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News > Mexico

Mexico Rules Criminalizing Abortion After Rape Unconstitutional

  • Article 333 of the Federal Penal Code establishes that abortion in Mexico is not punishable when the pregnancy is the result of rape.

    Article 333 of the Federal Penal Code establishes that abortion in Mexico is not punishable when the pregnancy is the result of rape. | Photo: Twitter/@ajplus

Published 8 July 2021

The Mexican Supreme Court of Justice declared unconstitutional the criminalization of women who have abortions after being raped and who exceed the gestation periods for exercising this right, stipulated in state legislation.

The specific case refers to an injunction requested by a person with severe cerebral palsy and in conditions of poverty and marginalization who was a victim of rape when she was a minor.

However, the director of the General Hospital of Tapachula, in the state of Chiapas, denied her the possibility of interrupting the pregnancy resulting from the crime of which she was a victim because she was outside the 90 days after conception established in article 181 of the Criminal Code of Chiapas.


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The highest court of Justice explained in a press release that the First Chamber determined that the district judge who initially heard the court proceeding made an incorrect analysis of the case since he did not value the victim's particularities in their proper dimension by failing to act by the guidelines and directives related to gender-based perspective.

It also warned that it did not even pronounce on whether it was necessary to apply any measure or reasonable adjustment to the procedure, "and less so did it take into account that at the time of the rape, the victim was a minor, which should have led to reinforced protective measures."

For this reason, he explained, the Court declared unconstitutional Article 181 of the Penal Code of Chiapas, which allows health authorities to deny the right to abortion for rape after a certain period.

It warned that this limitation "implies a total disregard for human dignity and the free development of the personality of pregnant women, whose pregnancy is not the result of a free and consensual decision, but rather the result of arbitrary and violent conduct that disregards their character as autonomous subjects and that, for this reason, these are behaviors that are criminally typified and are reproachable by the State."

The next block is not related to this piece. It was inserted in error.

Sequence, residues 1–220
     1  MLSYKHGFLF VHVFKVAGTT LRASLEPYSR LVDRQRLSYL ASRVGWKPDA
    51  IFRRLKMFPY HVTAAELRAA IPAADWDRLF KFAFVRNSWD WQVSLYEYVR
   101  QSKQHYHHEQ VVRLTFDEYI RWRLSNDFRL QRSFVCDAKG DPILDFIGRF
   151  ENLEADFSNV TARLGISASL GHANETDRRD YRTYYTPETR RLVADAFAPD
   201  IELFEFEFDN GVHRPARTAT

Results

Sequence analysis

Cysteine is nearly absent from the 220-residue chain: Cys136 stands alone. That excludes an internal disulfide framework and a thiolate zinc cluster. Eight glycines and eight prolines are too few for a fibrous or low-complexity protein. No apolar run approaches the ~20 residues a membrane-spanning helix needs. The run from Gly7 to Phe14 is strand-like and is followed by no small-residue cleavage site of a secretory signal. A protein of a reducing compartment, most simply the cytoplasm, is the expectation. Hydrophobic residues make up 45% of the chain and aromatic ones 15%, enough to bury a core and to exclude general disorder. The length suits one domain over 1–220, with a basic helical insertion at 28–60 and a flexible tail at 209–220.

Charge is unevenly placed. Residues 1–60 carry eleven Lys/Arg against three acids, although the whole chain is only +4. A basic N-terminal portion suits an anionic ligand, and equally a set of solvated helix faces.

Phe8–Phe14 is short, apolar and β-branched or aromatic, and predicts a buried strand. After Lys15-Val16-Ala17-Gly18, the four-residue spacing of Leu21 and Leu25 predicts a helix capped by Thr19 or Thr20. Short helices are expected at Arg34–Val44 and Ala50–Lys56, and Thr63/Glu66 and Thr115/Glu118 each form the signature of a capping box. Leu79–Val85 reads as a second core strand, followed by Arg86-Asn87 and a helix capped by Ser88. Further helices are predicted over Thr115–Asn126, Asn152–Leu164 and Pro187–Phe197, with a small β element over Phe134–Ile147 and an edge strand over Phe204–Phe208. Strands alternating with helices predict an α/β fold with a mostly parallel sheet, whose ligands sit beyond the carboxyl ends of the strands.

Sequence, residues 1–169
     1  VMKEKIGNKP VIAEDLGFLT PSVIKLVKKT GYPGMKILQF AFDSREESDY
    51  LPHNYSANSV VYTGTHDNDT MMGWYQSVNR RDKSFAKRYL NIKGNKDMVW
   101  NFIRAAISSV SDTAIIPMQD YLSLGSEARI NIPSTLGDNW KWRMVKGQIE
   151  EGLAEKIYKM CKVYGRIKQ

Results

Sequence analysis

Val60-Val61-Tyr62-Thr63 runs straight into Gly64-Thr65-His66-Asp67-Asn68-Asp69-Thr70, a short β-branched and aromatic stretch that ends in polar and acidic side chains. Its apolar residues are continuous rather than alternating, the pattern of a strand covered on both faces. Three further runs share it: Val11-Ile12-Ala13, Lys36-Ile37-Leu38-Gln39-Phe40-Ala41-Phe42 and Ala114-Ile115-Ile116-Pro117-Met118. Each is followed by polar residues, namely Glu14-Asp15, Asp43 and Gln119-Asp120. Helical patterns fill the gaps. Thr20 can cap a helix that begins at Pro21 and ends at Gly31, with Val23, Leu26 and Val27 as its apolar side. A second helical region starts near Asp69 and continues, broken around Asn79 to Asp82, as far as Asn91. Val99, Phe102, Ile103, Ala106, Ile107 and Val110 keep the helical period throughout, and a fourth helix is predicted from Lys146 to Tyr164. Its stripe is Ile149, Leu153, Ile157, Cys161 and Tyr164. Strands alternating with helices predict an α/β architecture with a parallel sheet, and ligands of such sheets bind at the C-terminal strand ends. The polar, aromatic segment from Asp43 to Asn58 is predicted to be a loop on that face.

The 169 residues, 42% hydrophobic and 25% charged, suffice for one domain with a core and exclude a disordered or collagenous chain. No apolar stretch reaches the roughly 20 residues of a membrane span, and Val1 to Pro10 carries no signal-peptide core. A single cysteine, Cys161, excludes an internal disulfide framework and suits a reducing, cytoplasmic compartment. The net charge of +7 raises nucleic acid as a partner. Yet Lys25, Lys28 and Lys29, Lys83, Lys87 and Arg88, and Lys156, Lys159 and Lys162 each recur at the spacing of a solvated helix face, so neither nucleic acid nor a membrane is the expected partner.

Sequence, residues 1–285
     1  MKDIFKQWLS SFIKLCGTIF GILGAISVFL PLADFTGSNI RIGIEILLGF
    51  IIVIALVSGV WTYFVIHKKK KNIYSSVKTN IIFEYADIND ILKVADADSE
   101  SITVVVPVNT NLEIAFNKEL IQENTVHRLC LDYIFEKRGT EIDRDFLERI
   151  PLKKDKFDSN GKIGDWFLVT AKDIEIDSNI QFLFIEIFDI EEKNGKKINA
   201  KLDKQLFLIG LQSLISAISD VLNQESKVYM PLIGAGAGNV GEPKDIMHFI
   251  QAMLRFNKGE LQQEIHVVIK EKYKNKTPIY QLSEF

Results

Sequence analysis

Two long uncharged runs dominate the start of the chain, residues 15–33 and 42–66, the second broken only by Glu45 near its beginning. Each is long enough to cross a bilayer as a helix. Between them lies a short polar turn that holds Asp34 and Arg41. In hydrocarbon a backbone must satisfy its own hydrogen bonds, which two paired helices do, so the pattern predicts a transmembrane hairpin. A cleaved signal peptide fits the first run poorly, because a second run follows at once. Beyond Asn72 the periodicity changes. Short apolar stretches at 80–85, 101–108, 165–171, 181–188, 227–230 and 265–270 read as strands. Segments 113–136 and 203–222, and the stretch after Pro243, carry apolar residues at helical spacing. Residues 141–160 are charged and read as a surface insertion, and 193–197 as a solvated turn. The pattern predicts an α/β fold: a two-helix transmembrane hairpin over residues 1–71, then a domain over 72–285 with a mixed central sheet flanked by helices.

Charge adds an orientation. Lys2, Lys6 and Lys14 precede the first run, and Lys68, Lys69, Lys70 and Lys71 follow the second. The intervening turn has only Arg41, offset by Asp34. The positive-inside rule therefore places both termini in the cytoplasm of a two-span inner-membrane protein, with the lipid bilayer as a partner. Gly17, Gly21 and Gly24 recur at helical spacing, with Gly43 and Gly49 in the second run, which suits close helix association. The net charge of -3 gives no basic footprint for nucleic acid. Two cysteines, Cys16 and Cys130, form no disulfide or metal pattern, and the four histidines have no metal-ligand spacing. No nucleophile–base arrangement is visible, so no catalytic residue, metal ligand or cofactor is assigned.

According to the Court, the doctor's refusal to terminate the minor's pregnancy resulted in a series of severe violations of the victim's human rights and her mother's.

"In this way, in order to seek the restitution of the rights of the petitioners, and to the effect of its granting, the First Chamber ordered to recognize the complainants as victims because of the violations to their rights, so that they may be repaired in a timely, full, differentiated, transformative, integral and effective manner for the damage they have suffered, including measures of restitution, rehabilitation, compensation, satisfaction, and non-repetition."

To this effect, it specified, in addition to not relieving the responsible hospital of its obligations, as well as the State Commission for Attention to Victims, the Court bound the Federal Executive Commission for Attention to Victims to request, obtain or coordinate the necessary actions to carry out the reparation to comply with the court sentence.

The Chamber also ordered the state health authority to adequately and exhaustively evaluate the victim's current state of health, inform her mother of the evaluation result, and provide timely and quality treatment to combat the repercussions on her health.

Article 333 of the Federal Penal Code establishes that abortion in Mexico is not punishable when the pregnancy results from rape. Still, several state codes, such as that of Chiapas, set specific time limits for terminating a pregnancy. If the time limit is exceeded, the pregnant woman would be committing a crime.

So far, abortion is only legalized up to the 12th week, with no grounds other than the woman's will, in Mexico City (2007), in Oaxaca (2019) and in Hidalgo (2021), but in the rest of the country each state applies different restrictions. And in the event that the pregnancy is the result of rape, gestation periods are usually imposed to be able to have an abortion.

In fact, in Mexico City on Wednesday, the 20-week gestational limit established to authorize abortion for rape was repealed, so the district is already in line with the Supreme Court's decision.

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